If you are really able to manipulate the energy landscape you can manipulate the behaviour of the particle.
TL: What can such devices be used for?
AK: First of all, Brownian motors transport the particles through liquids, and that's what they are used for in biology, too. The only prerequisite in our case is that the particles need to be charged. And if that is fulfilled the Brownian motor works with DNA, with proteins, gold nanoparticles, viruses — all this stuff can be transported.
TL: So the shape of the particles doesn't matter?
AK: The size of the object needs to be smaller than the length of our sawtooth unit. Around half the size is a good number. Transporting large DNA molecules would be a problem, you would have to make really large ratchets. Small DNA molecules can be transported directly, but if DNA spans several teeth of the motor, it would get stuck.
TL: How did the idea of particle transport in liquid lead to sorting?
AK: In 2010, we already had this nanofluidic project running, and since we have the capability to write very high-precision patterns, we were looking for applications. A paper from Madhavi Krishnan appeared more or less at the same time, where she showed that the geometrical recess of a surface can produce an energy landscape, at least a potential minimum. So, we thought it would be a nice fit to combine single-digit nanometer precision and the ability to generate potential energy landscapes. Energy always controls the behaviour of particles, and if you are really able to manipulate the energy landscape you can manipulate the behaviour of the particle.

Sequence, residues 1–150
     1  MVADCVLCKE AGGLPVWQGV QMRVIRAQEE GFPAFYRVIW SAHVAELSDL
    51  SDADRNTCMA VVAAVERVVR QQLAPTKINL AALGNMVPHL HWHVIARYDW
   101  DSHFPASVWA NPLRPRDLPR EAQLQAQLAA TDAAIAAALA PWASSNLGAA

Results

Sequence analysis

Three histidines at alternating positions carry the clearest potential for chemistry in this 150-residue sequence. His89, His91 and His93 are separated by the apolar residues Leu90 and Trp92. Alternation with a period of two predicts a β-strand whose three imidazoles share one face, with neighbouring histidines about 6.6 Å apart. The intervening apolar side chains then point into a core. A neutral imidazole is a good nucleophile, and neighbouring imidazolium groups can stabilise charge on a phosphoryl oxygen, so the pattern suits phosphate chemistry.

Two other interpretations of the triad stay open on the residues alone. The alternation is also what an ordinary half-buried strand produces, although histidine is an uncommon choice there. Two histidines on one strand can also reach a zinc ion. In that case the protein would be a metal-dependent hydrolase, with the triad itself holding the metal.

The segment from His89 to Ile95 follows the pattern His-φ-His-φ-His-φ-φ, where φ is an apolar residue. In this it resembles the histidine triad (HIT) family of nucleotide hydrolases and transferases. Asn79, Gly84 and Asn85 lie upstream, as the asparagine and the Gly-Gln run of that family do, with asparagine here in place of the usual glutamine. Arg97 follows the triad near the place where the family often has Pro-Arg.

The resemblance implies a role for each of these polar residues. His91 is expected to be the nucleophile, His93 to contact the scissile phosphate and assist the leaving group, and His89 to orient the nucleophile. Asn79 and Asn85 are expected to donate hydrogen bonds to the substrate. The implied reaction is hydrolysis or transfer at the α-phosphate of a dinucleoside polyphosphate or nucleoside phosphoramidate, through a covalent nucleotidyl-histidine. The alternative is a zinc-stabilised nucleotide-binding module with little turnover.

A nice thing about lithography is that you really control all the energy barriers because you write them. When you know the energy barriers, you know the timing in the system, you can tune it from the top down. For Brownian motors, in our implementation at least, the particle transport strongly depends on the size of the particle because a bigger particle feels an amplified energy landscape. So, a larger particle rests closer to the interfaces of the nanofluidic channel, and therefore, the interaction energy amplifies exponentially. The energy landscape needs to be stronger than the thermal fluctuations, which is at least 3–4 kBT. But you don't want it to be at 20-30 kBT, because then you don't have sufficient force to tilt the energy landscape anymore. At around 5-10 kBT, the transport works nicely. And now, if there are different-sized particles, the smaller ones might not see enough of the energy landscape, so they will not be transported, and the ones that are too big will get stuck. But there is a size range in which the particles will be nicely transported. When we built our motor it was clear that this would happen. Then, we designed a slightly more complicated device optimized to achieve very high efficiency in separating particles. [1]